Home Uncategorized Makeup Shaming Doesn’t Make You Look Better

Makeup Shaming Doesn’t Make You Look Better

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Women are under enormous aesthetic pressure. Whether it comes from the media’s unrealistic expectations, family, friends, ourselves, whomever: I agree that the pressure is there.

But consider this – some of us wear makeup because we enjoy it. Some of us love smoking our eyes out, contouring until our hands ache and splurging at Sephora. That’s completely fine. That’s our business, no one else’s.

I don’t wing my liner and highlight my face to the point where I’m essentially glowing to impress anyone. I don’t apply false eyelashes or liquid lipstick because I want people to think better of me. I do it for myself, my enjoyment, self-expression and to unleash creativity. And hey, if it makes me feel a little better, so be it. Self-love is important.

I, like others, do these things because it’s fun. Makeup is my art. I might not paint the best pictures or sculpt to perfection, but my face is my canvas.

My self-confidence has nothing to do with my decision to wear makeup. Sometimes I wake up late and just do my eyebrows. Sometimes I wake up on time and can do my makeup to however I’m feeling that day.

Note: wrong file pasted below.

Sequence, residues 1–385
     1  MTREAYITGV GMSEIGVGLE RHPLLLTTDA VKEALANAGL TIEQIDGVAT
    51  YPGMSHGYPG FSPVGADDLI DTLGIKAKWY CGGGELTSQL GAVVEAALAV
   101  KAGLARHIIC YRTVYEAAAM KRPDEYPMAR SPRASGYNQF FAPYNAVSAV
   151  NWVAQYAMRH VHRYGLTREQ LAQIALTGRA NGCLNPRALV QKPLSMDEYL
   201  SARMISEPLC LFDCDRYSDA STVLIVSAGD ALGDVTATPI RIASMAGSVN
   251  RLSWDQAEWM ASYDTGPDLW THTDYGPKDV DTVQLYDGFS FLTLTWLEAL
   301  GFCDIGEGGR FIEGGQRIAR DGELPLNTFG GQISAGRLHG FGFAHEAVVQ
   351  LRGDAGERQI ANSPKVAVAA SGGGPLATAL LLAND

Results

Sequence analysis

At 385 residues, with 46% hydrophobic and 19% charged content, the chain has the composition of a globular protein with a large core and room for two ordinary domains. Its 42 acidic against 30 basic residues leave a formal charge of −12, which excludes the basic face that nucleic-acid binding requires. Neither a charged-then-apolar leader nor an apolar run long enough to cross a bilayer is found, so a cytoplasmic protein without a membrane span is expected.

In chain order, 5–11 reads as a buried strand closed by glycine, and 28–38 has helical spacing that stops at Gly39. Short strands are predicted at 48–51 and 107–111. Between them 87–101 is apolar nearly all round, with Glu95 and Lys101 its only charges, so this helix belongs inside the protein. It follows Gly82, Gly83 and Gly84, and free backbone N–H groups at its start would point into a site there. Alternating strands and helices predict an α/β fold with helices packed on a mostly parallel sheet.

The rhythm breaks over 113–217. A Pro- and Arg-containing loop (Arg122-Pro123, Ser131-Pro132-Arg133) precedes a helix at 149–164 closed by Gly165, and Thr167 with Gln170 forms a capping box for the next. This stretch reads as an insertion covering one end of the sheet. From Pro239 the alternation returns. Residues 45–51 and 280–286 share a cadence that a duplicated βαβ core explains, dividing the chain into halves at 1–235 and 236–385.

I’m not going to let anyone make me feel worse because I may or may not have beauty products on my skin.

We are still ourselves when we wear makeup; it’s not a facade. My education, life experiences and everything else about me is still in tact regardless of how my face looks.

Not every makeup-free woman does so because they want to rebel against society and scream “F your beauty standards.” Some women go makeup-free because of religious reasons or because their skin might be ultra sensitive and can’t handle it.

Think about it – we brace the world with “painted” faces. Do you even realize how much criticism can come from that? People criticize how our eyeshadow is blended, whether our foundation matches, if our eyeliner is smudged, and more.

At that point, it isn’t just a judgment on how we look, it’s a judgment on our artistic skills and abilities, something that some people take more seriously and more to heart.

If not wearing makeup makes you feel stronger, that’s nice, but my makeup doesn’t make me feel weak.

Of course there is the advantage of being able to cover up dark circles or hide a zit. But it’s nothing to complain over or make someone feel bad about. That doesn’t give anyone the right to act like a psychologist and imply that I have deep-seated self-esteem issues.

Loving makeup and art does not equate to shallowness, insecurity or conformity. My beauty routine just differs from yours. Different doesn’t mean good or bad and no one’s better.

As women, we should work towards empowering each other. Women supporting women is important, especially in our current world. Pitting us against each other over something as foolish as makeup is petty and unnecessary.

© Photo courtesy of Karolina Grabowska

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